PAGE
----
Thirdly, we have been sealed by the Spirit (v.13). The indwelling presence of the Holy Spirit, denoting divine ownership, is the confirmation of the Father’s choice; and this blessed seal, indicating also divine destination, is the pledge of the Son’s redemption. The Spirit is described as “the earnest of our inheritance” (v. 14). W. E. Vine has remarked that in modern usage the Greek word for “earnest” signifies an engagement ring, a token of future bestowals; and we pause to observe that, if the pledge is so wonderful, truly indescribable bliss awaits the Bride of Christ!

As we try to survey our blessings in Christ, surely we become conscious of striving to express what is inexpressible. We gladly borrow the words of the Apostle, and say “Thanks be unto God for His unspeakable gift!” (2 Cor. 9:15).

Some account must be taken, moreover, of what we may call BLESSINGS IN DISGUISE. As James wrote, “Count it all joy when ye fall into divers temptations” (Jas. 1:2). The trials of life are a means of blessing. They are not just to be borne stoically or heroically, we must discover within them a divine purpose. Trials test faith, and produce patience; without them, Christian character would be defective in its development.

The writer to the Hebrews observes, “Whom the Lord loveth He chasteneth …If ye are without chastening, …then are ye …not sons …All chastening seemeth for the present to be not joyous but grievous; yet afterward it yieldeth peaceable fruit to them that have been exercised thereby” (Heb. 12:6-11. R.V.). Herein lies a true estimate of suffering: it is the hallmark of sonship. By it, we are made partakers of His holiness, and we come to reflect His character. Chastening is certainly a blessing — howbeit in disguise — and, as such, it should give us cause for joy and thanksgiving.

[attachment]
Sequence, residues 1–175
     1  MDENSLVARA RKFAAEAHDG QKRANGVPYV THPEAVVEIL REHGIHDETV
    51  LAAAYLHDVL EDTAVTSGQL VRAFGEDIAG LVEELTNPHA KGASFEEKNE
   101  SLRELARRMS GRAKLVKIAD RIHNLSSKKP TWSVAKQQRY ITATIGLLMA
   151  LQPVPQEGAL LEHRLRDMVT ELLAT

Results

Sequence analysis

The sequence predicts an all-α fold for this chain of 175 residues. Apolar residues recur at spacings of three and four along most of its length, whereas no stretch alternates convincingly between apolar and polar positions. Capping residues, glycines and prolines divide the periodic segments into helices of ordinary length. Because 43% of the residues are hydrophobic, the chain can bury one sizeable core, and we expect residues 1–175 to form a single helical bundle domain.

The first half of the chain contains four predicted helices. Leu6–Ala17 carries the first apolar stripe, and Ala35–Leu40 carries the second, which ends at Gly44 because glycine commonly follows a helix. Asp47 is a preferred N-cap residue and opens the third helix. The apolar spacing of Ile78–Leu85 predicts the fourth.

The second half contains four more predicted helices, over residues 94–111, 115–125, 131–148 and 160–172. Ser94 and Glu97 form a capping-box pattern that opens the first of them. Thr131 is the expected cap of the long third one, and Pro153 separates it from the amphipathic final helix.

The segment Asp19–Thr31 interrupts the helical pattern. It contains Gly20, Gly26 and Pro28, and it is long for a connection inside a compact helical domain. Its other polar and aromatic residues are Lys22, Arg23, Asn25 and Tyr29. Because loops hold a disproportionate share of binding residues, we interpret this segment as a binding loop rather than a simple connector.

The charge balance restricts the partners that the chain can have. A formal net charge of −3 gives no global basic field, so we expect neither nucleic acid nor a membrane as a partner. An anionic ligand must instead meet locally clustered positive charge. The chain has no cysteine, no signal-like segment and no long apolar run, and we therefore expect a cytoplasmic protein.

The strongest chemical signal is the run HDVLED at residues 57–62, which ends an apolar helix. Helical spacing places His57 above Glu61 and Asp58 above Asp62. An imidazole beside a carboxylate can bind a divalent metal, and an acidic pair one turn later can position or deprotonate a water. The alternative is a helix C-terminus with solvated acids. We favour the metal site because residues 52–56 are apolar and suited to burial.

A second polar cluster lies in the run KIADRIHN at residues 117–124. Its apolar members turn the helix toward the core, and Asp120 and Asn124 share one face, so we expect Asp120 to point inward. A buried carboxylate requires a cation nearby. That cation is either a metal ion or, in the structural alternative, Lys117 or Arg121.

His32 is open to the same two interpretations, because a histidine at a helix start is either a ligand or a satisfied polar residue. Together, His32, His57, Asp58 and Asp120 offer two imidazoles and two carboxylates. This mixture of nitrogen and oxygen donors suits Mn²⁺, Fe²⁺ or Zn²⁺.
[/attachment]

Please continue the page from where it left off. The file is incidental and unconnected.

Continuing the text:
How To Give Thanks

A thorough review of our blessings prompts the question posed by the Psalmist: “What shall I render unto the Lord for all His benefits toward me?” (Ps. 116:12). His own answer reveals the form of his thanksgiving.

First, he declared, “I will take the cup of salvation and call upon the name of the Lord” (v.13). Taken with their parallel in verse 17, these words suggest that he planned to offer a drink offering to the Lord, on his next visit to the house of God.

The New Testament saint can interpret this in a variety of ways, for God requires certain sacrifices of him also. God asks for the sacrifice of praise (Heb. 13:15), for the language of a grateful heart is an acceptable offering to the Lord.

God also asks for the sacrifice of our substance (Phil. 4:18), for Christian giving is a fragrant act of worship that rejoices the heart of God.

Supremely, He asks for the sacrifice of ourselves (Rom. 12:1), and this is only “reasonable” in the light of God’s mercies. We cannot give more; we dare not give less. As Isaac Watts once wrote,

Love, so amazing, so divine,
Demands my heart, my life, my all!

But the Psalmist’s response carried him still further. He declared, “I will pay my vows unto the Lord NOW in the presence of all His people” (Ps. 116:14). These vows were not prescribed; rather, they were the voluntary expressions of his devotion to God — but they had been left unpaid. Now gratitude spurs him to action: overwhelmed by a sense of his indebtedness to the goodness of God, he hastens to fulfil his obligations; “I will pay my vows … NOW!”

Have you had cause to bless God at the remembrance of His goodness? Have you stopped to count your blessings and to confess your amazement at the abundance of His benefits?

If you have not, put down this magazine at once, and fulfil that long-forgotten vow! You owe it to Him! Do it now! There is no better way of saying thanks and of rediscovering the forgotten art.